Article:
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Despite nine starts as a true freshman, N.C. State cornerback David Amerson was very quiet and his only real notable stats was one lone pass breakup, 57 tackles, and a forced fumble.  In 2011, however, Amerson had one of the most prolific seasons of any corner in the history of college football.

As a sophomore, Amerson amassed a ridiculous interception total of 13, which was the second highest total in FBS history.  He also had 59 tackles and five defended passes.  He proved to be a true game changer in multiple 2011 contests and it was fully expected that he would be a sure-fire top ten pick when he entered the Draft.

Then his junior season happened.

His final numbers weren’t really too awful.  He had 54 tackles, five interception, and 11 defended passes.  Those don’t tell the whole story, however, as Amerson was constantly abused by opponents.  His fundamentals were terrible, he bit on double moves, and just constantly looked like he was trying to force similar production as was experienced in the previous season.

In one game, against Miami, Amerson was beat on four passing plays that led to touchdowns and contributed greatly to his team’s loss.  His junior season was plagued by him getting duped by double moves, failing to recover lost ground against his man, and just overall being a liability in the defense.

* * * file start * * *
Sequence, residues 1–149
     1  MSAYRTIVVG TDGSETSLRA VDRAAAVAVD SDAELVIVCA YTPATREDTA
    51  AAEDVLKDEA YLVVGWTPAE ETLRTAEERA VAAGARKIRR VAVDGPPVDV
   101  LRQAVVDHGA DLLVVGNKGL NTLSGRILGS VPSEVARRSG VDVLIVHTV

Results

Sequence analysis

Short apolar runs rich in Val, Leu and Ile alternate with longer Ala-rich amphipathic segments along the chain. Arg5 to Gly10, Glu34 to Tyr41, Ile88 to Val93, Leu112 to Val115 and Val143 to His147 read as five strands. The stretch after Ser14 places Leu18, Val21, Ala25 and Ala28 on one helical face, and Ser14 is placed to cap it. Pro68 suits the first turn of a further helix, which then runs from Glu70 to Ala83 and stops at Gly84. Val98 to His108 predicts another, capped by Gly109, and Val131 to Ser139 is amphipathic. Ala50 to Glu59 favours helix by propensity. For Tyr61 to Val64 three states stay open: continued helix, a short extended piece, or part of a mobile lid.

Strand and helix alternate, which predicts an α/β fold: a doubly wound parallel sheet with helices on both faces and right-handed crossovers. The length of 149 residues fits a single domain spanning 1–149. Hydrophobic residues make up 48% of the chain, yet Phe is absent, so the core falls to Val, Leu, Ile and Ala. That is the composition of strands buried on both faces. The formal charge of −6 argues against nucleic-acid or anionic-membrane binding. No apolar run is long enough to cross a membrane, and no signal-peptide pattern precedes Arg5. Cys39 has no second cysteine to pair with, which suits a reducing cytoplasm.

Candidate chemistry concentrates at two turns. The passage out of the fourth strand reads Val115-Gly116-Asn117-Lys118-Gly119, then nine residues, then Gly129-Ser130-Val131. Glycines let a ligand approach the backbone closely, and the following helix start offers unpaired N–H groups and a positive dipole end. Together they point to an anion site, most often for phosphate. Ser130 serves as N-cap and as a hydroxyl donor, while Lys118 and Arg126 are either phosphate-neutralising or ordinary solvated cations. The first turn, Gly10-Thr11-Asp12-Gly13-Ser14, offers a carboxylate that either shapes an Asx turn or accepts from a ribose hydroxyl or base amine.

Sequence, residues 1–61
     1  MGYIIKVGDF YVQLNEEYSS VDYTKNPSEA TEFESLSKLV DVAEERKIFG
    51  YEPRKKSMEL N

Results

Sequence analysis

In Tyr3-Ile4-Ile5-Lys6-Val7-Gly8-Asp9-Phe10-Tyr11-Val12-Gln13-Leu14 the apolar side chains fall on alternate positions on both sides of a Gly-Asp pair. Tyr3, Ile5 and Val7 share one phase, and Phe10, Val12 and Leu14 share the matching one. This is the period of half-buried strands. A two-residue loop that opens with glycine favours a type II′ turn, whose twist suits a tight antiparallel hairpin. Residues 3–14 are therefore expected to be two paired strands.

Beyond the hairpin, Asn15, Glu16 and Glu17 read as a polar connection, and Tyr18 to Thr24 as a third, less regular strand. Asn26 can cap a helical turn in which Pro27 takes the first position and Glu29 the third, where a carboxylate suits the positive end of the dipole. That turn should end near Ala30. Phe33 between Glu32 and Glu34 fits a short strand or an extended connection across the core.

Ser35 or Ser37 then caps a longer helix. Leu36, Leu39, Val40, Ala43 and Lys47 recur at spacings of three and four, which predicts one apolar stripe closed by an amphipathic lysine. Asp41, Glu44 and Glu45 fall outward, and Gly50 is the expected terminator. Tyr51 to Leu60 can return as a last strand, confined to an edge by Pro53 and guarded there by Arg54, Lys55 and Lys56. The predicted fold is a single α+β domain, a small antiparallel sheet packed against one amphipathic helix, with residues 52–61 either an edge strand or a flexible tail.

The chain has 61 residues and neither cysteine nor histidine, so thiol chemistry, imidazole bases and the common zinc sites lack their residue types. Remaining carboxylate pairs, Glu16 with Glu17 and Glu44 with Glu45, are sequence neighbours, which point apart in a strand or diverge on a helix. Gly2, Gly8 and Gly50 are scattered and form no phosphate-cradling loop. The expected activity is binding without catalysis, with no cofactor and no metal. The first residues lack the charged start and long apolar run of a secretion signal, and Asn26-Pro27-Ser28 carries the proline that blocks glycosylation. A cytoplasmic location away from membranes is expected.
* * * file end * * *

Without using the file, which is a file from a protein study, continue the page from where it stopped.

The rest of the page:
With one mediocre season, one fantastic season, and one horrible season of game tape to his name Amerson has become one of this class’s most talked about prospects.  A lot of people were curious to see which game tape his Combine performance would confirm and for the most part he showed great athleticism, including a 4.44 second forty time.

I think Amerson is a great prospect for the Vikings to consider.  He is at his best when he is allowed to roam in zone coverage, and he displays great instincts when it comes to jumping routes or keeping the play in front of him, while also proving capable of roughing his man up a bit at the line of scrimmage.  He plays the position like a receiver, seldom missing an opportunity to pick off an errant pass, and has solid return skills once he secures the football.

At 6′ 1″ and 205 pounds, he could also end up transitioning to safety at the next level, and rumor has it some teams are projecting him as an NFL safety.  I don’t think moving him to safety will be a necessity if he can get some high quality NFL coaching early in his career, as his flat footed play and slow hip turn are correctable issues.  If he can become more refined at his craft then he might just become a turnover machine, which the Vikings haven’t really had since the earlier days of Darren Sharper.

Teams that like to man-up there corners, and leave them on an island, are not going to be too keen on Amerson unless they view him as a safety.  A team like the Vikings, however, may benefit from his scheme-specific skill set by scooping up a game changing talent with a second or third round pick.  He has all of the attributes and skills to be very successful at the next level, and the Vikings might just be the right fit for him to once again fulfill his potential like he did in 2011.